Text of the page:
This is my first blog post while painting and traveling in another country! I’ve spent the last four and a half weeks sightseeing and painting in Latvia and Poland, Prague (Czech Republic), Salzburg (Austria), Venice (Italy), Croatia, and Budapest (Hungary). It’s been a hell of a trip so far and is far too much to talk about in just one post. I’ve seen incredible paintings from European painters that I didn’t even know existed and visited some gorgeous old castles, ruins and palaces. To be honest, right now I’m having some difficulty processing all that I’m seeing. The wealth of visual culture here is staggering. This series of posts is just a notation on my experiences.
Koknese Castle in Latvia was at the top of list of landmarks to visit long before I arrived. I found this particular ruin in an online database of castles in Latvia and knew that I had to see this place. Although it hasn’t been maintained over the years and doesn’t have the grandeur of other structures, decomposing appearance makes it mythical somehow. Archaeologists don’t know much about the place other than that it was strategically situated at the fork of two rivers in front of a settlement for defensive purposes. I’ve found that castles in Europe tend to fall in particular category, depending on how they’ve been cared for over the years. Here’s how I would define it:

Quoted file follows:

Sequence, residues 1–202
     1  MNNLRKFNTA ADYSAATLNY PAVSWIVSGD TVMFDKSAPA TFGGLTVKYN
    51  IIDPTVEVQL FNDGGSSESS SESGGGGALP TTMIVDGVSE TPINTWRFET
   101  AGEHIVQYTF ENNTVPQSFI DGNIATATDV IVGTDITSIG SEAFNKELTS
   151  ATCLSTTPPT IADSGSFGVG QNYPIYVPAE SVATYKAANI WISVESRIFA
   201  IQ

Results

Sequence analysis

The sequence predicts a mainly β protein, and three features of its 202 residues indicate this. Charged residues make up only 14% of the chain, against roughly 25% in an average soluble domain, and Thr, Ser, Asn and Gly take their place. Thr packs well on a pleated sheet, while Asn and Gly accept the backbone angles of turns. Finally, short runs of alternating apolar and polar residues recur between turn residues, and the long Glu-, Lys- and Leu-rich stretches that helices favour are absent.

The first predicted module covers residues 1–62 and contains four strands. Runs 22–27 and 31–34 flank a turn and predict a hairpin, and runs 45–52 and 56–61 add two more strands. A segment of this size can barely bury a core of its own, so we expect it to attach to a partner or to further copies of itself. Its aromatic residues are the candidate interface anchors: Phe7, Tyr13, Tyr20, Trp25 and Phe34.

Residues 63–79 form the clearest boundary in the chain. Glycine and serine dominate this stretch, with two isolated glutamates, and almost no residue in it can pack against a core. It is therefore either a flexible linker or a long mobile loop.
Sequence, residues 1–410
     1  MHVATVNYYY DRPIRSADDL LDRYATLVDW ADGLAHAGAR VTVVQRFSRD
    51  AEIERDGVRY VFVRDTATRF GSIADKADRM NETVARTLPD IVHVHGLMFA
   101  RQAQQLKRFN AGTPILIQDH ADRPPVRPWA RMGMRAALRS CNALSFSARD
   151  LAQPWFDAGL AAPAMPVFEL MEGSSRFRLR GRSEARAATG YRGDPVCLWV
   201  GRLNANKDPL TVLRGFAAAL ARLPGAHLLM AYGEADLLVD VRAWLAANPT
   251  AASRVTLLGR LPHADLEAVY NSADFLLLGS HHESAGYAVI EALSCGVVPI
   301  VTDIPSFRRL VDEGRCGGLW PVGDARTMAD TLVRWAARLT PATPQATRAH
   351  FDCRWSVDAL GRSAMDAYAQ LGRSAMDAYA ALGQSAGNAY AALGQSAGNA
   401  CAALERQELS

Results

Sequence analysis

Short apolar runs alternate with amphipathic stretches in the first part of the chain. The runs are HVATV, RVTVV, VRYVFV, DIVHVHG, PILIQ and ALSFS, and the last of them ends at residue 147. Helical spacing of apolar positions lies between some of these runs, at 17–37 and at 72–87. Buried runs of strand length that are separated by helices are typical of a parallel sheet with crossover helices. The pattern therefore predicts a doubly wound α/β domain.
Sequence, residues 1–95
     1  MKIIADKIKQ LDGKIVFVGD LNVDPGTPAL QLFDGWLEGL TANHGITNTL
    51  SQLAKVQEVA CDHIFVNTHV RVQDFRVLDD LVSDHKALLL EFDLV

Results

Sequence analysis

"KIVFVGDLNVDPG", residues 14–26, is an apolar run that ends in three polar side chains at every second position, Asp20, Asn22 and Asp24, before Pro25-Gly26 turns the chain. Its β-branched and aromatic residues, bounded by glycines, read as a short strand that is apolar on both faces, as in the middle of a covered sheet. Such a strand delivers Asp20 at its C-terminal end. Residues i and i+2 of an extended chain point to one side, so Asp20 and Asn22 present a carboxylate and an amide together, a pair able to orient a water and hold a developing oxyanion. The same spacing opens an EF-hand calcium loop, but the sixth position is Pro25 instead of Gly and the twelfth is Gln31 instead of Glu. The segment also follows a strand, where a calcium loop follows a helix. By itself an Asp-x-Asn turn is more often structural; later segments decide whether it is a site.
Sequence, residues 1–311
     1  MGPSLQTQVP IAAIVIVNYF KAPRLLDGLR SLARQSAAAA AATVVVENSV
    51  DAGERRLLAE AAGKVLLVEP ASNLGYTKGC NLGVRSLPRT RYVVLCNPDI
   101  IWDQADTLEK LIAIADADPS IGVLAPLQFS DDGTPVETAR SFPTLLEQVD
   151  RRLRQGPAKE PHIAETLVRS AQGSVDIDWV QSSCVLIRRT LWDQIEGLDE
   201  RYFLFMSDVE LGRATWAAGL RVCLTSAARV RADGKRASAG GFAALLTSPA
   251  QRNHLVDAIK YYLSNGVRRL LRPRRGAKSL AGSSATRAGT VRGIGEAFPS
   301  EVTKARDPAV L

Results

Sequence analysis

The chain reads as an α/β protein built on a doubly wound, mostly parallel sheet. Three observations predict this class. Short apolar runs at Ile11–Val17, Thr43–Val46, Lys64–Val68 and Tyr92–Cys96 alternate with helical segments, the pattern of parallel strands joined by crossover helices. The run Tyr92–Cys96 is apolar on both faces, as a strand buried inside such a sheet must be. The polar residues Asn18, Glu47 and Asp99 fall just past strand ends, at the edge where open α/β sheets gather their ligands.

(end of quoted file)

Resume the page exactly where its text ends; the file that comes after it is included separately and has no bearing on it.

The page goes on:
- The castle hasn’t been used for a few hundred years and has fallen into complete ruin. Anything wooden has deteriorated and there are no floors or windows.
- The castle has had moderate maintenance over the years, or has been rescued from ruin for the purpose of sightseeing. Walls and floors are intact. Rooms have been remade into exhibits. Tapestries have been replicated and hung from the walls.
- The castle is still being actively used. Sometimes, this means it is still a government office, in other situations it has become a restaurant or other attraction. Modern lighting and plumbing have all been installed.
I’ve found castles that are all along this spectrum. Koknese was definitely a prime example of Category 1.
Cesis Castle was what I call an example of Category 2. Cesis is one of the oldest towns in Latvia and has a very detailed history. The castle was besieged many times, and was captured by Russian czar Ivan the Terrible in 1577. As was often the case with desirable fortresses, it was taken back a few months later (of course). It’s captured the imagination ever since and has been kept up over the years as a prime sightseeing destination.
As a matter of fact, it was still being worked on while I was painting this very picture. If you look carefully at the picture above, you may see a small dark silhouette at the top of the tower. This is actually a construction worker assembling the new roof. The old roof was made of wood, but it was suffering from weathering and damage. A local tour guide actually informed us that we were the first artists to ever depict Cesis Castle with it’s newly built roof!
We went on to tour many more castles and had the chance to paint a few of those, as well as other landscapes unique to this part of the world. More to come soon!